“If you deem that military action in Syria is necessary, Congress can reconvene at your request,” the letter stated. “We stand ready to come back into session, consider the facts before us, and share the burden of decisions made regarding U.S. involvement in the quickly escalating Syrian conflict.”[40]

Most signers of the letter were Republicans. Ten Democratic members - Beto O'Rourke, Gene Green, Zoe Lofgren, Peter DeFazio, Kurt Schrader, Rush Holt, William Enyart, Tim Walz, Rick Nolan and Michael Capuano - also signed the letter.[40]

Elections

2014

BattlegroundRace.jpg
See also: Virginia's 2nd Congressional District elections, 2014

Incumbent Scott Rigell (R) and retired U.S. Navy Reserve Commander Suzanne Patrick (D) will face off in the general election on November 4, 2014. Neither candidate faced a primary challenger.

Ballotpedia has identified Virginia's 2nd Congressional District as a battleground race because Cook's PVI shows the district as R+2, and Fairvote rates the district as 43.4 percent Democratic. In addition, President Barack Obama won the district by 1.5 percent in 2012 and 1.7 percent in 2008.[42][43]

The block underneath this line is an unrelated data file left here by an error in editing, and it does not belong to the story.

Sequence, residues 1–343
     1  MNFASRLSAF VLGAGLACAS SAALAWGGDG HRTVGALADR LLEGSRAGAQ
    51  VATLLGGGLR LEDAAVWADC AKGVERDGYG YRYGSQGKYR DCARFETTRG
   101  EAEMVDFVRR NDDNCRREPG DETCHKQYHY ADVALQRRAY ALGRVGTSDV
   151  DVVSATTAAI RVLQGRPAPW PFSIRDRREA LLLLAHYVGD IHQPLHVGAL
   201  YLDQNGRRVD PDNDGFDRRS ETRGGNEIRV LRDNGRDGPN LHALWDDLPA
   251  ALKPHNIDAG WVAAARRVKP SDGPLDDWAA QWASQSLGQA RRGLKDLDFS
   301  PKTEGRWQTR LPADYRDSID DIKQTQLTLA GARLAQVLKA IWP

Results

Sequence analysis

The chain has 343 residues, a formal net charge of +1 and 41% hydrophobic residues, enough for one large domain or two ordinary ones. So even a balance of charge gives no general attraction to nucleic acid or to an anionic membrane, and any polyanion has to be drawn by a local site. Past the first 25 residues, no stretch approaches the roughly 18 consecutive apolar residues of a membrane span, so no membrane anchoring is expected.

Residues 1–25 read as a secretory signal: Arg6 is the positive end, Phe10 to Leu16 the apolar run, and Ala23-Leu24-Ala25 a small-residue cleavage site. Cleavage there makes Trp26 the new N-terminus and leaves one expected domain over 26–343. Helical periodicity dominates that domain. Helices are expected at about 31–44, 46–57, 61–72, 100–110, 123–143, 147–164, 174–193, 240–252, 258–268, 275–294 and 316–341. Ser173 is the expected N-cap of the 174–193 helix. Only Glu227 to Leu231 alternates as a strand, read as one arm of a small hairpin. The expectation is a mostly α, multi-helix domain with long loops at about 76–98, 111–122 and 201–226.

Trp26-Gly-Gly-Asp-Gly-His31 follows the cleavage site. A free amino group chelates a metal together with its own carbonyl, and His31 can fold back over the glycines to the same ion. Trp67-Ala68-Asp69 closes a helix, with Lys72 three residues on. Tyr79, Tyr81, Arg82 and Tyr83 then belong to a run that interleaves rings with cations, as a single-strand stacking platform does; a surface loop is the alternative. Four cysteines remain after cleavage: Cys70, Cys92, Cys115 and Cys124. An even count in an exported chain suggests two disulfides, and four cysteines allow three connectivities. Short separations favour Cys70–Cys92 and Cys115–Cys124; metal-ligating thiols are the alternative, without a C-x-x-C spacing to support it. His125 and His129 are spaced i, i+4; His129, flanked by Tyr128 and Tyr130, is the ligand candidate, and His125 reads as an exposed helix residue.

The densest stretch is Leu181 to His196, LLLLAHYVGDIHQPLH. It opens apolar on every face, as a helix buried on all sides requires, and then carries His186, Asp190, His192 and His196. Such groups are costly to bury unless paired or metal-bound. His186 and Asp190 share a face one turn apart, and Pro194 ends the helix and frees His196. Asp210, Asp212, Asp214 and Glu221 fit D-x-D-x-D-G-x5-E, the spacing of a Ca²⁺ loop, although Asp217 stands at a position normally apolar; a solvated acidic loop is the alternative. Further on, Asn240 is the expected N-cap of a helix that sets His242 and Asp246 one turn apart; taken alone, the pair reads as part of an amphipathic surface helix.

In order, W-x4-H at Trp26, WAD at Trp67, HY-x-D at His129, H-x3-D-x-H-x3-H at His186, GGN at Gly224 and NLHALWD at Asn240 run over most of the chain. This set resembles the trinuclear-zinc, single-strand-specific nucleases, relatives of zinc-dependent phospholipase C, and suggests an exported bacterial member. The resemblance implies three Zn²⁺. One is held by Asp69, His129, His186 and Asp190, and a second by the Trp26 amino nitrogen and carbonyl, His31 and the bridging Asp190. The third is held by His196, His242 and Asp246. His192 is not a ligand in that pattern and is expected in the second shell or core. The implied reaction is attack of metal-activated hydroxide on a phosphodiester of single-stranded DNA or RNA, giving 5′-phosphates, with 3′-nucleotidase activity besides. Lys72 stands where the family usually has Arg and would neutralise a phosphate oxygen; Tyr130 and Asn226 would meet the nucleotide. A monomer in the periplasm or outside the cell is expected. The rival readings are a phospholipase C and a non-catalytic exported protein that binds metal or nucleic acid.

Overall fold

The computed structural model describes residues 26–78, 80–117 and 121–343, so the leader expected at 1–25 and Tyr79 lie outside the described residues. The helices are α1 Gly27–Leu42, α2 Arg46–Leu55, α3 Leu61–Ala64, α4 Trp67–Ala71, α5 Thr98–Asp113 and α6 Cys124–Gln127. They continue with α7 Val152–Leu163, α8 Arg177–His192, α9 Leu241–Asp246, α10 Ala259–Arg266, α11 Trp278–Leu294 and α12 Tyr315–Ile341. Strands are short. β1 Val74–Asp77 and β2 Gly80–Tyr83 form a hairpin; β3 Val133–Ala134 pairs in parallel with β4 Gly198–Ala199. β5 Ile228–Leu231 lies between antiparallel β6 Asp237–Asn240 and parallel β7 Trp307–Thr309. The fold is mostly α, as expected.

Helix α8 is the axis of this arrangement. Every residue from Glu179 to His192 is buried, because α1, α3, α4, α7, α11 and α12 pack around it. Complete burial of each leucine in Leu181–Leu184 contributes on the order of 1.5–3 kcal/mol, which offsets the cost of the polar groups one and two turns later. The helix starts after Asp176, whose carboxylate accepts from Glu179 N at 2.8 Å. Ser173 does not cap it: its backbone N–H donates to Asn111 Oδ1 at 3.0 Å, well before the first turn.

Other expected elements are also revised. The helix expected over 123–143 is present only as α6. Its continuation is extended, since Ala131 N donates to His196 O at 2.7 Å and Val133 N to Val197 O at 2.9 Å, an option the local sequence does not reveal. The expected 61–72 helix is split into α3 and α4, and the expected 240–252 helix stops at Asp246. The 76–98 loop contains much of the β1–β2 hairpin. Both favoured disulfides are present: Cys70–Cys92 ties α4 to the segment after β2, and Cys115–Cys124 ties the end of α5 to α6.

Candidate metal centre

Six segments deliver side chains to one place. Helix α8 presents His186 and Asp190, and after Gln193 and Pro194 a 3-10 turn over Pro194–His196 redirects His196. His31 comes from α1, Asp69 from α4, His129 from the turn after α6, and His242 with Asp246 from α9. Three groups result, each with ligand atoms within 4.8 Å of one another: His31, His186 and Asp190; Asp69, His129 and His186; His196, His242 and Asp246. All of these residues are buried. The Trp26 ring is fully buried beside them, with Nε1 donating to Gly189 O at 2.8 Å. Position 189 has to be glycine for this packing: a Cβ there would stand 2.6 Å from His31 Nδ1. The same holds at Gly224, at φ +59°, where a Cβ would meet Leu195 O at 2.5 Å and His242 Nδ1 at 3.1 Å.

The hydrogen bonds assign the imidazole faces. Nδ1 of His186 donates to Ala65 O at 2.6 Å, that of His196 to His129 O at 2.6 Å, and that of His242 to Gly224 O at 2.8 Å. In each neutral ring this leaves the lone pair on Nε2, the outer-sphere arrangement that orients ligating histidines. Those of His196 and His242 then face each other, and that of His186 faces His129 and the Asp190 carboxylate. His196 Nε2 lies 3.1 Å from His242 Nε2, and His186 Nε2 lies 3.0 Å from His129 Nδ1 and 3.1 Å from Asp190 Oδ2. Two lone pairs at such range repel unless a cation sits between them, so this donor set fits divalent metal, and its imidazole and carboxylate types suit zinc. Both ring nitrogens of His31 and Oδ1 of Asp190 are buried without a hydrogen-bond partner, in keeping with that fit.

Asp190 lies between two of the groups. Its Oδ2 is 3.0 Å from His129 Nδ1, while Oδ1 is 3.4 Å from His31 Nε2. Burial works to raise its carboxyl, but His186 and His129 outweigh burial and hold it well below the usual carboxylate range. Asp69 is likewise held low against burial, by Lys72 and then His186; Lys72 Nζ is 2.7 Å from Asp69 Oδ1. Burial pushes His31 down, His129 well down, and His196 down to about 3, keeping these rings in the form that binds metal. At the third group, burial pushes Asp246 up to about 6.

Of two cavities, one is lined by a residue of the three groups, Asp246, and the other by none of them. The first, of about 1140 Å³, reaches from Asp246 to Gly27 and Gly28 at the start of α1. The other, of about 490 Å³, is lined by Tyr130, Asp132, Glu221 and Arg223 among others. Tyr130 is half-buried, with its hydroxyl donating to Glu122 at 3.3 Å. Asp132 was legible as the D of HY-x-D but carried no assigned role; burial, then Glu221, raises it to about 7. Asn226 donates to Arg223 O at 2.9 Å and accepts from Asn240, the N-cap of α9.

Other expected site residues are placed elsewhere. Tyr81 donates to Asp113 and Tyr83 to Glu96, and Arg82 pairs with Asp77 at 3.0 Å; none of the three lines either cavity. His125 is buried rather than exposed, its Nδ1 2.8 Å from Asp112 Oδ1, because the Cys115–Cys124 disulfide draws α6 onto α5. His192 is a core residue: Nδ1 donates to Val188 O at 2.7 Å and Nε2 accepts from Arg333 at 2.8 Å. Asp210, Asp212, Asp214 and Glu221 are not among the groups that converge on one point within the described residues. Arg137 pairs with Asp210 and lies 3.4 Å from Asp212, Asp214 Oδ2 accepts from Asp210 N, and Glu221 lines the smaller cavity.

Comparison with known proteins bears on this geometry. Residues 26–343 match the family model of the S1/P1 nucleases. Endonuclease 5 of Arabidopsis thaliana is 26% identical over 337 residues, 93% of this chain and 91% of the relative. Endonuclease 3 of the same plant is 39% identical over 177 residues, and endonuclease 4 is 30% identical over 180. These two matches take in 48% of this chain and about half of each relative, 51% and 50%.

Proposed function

Race background

Rigell is a member of the National Republican Congressional Committee's Patriot Program. The program is designed to assist vulnerable Republican incumbents heading into the 2014 election.[44]

Media


Scott Rigell for Congress 2014: "The Round Table."

2012

See also: Virginia's 2nd Congressional District elections, 2012

Rigell won re-election in 2012. He ran unopposed in the Republican primary and defeated Democrat Paul Hirschbiel in the November general election.[45][46]

U.S. House, Virginia District 2 General Election, 2012
Party Candidate Vote % Votes
     Democratic Paul Hirschbiel 46.1% 142,548
     Republican Green check mark transparent.pngScott Rigell Incumbent 53.8% 166,231
     Write-In N/A 0.1% 443
Total Votes 309,222
Source: Virginia State Board of Elections, "Official Election Results, 2012 General Election"

Full history